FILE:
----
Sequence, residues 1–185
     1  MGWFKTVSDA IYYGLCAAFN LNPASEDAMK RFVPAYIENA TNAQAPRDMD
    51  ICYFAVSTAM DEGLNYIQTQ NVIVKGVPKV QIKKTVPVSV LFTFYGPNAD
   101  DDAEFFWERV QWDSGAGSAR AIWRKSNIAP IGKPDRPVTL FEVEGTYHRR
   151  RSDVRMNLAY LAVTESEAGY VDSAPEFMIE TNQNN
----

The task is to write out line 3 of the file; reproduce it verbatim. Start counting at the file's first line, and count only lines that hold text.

    51  ICYFAVSTAM DEGLNYIQTQ NVIVKGVPKV QIKKTVPVSV LFTFYGPNAD